Tech Panel Chief Asks If Clinton Used Protection

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Ethan Barton Editor in Chief
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A Republican congressional committee chairman wants to know what if anything was done by any of the four tech firms involved with former Secretary of State Hillary Clinton’s private email server to protect classified information stored on the equipment from hackers.

House Committee on Science, Space and Technology Chairman Lamar Smith sent letters Thursday to four firms involved with the Democratic presidential frontrunner’s private server requesting documents and communications regarding topics such as security breaches and federal cybersecurity regulations, including those from the National Institute of Technology.

“A high profile government official deviating from established information security requirements raises significant concerns,” the Texas Republican said in a statement. “The sensitive nature of the information stored on Secretary Clinton’s private server created a unique challenge to ensure all of the information was properly safeguarded. The committee takes seriously its duty to ensure the NIST Cybersecurity Framework is properly equipped to safeguard our nation’s information.”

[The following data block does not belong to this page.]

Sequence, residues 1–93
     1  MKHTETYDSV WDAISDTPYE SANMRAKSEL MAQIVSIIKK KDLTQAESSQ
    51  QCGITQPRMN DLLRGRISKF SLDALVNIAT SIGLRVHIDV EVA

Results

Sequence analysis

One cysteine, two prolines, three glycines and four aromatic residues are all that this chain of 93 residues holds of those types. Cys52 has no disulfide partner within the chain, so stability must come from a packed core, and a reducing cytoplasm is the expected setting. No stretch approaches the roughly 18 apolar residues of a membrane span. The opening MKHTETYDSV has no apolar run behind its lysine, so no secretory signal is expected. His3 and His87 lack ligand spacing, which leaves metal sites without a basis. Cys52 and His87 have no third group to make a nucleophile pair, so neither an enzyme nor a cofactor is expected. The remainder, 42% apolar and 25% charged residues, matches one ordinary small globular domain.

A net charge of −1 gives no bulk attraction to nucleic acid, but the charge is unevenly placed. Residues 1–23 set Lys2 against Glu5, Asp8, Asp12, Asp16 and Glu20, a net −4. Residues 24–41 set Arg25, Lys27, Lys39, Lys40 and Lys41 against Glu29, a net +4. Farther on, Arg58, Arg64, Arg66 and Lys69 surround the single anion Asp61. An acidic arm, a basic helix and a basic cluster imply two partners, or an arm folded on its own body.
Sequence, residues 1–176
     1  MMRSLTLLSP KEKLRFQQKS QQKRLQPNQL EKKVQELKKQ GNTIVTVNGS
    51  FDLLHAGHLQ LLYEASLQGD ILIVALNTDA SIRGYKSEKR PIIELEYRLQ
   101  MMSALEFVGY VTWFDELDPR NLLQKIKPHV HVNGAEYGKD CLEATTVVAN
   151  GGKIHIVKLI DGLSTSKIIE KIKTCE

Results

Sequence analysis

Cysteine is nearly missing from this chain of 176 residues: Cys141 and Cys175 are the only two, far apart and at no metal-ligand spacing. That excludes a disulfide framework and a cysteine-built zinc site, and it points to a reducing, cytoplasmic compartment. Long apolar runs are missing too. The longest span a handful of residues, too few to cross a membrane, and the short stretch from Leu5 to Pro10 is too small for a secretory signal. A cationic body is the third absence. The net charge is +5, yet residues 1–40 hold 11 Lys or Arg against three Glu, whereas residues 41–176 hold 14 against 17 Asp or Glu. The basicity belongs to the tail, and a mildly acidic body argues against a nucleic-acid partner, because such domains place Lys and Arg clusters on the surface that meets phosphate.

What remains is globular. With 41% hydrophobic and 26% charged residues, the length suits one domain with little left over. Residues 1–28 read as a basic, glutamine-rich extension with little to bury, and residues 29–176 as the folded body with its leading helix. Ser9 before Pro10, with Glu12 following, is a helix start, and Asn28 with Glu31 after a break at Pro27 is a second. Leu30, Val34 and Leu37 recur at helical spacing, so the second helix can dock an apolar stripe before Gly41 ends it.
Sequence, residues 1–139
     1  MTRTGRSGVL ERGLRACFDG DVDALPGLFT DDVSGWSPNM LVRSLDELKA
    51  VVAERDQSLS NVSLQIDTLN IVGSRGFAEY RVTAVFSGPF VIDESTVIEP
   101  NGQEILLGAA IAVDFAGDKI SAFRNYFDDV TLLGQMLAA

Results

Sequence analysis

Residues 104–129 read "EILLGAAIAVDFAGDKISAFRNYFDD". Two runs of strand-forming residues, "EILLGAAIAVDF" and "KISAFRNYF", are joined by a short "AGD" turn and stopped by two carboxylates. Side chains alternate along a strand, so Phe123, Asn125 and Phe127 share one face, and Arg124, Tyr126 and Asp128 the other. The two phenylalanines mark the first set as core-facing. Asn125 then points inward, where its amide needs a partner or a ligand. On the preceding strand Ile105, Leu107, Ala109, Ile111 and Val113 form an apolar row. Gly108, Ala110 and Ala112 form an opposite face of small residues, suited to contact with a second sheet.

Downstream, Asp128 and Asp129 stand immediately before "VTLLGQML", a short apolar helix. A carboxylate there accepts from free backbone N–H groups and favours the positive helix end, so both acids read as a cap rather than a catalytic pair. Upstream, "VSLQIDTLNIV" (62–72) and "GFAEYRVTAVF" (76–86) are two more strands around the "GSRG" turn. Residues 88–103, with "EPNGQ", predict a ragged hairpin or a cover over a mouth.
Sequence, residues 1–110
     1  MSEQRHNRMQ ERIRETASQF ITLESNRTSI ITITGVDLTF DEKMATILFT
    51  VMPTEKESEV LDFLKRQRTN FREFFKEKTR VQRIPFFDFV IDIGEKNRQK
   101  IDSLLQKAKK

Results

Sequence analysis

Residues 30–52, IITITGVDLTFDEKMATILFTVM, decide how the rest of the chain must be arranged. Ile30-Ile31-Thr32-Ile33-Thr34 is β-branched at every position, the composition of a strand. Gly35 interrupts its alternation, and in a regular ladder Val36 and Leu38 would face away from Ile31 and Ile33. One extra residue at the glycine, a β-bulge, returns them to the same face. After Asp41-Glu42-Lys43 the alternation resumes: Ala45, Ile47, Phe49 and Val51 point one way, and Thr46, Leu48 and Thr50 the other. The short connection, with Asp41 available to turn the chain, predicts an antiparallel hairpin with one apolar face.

The four firms are Datto Inc, which backed up Clinton’s private emails on an off-site cloud, Platte River Networks, which maintained the server, SECNAP Network Security Corp., which provided cybersecurity software, and Fortinet Inc, which provided encryption software.

SECNAP installed CloudJacket – a cybersecurity software – on Clinton’s private server, which already “identified several attempted intrusion attacks originating from China, Germany and the Republic of Korea,” Smith wrote.

Telos Corporation CEO and Chairman John Wood told Smith’s committee in a hearing that his cybersecurity company would have declined a role in a scenario identical to that of Clinton’s private server, calling it “illegal” and that it exposed “classified data in the open.”

Smith is concerned that Clinton’s use of the private server located at her New York residence consequently violated the Federal Information Security Act.

“As a technology expert, Mr. Wood’s testimony confirms the committee’s concerns with deviating from government information security requirements,” Smith wrote. “This exchange raises significant concerns because it flagged a potential violation of FISMA and it exposed an information security network vulnerability of a high profile government official.”

Clinton sent or received at least 1,319 emails that are now considered officially classified. Clinton’s defense is that the emails weren’t marked as classified at the time they were sent, but national security experts say experienced senior officials are responsible for recognizing such information no matter if it is marked or not.

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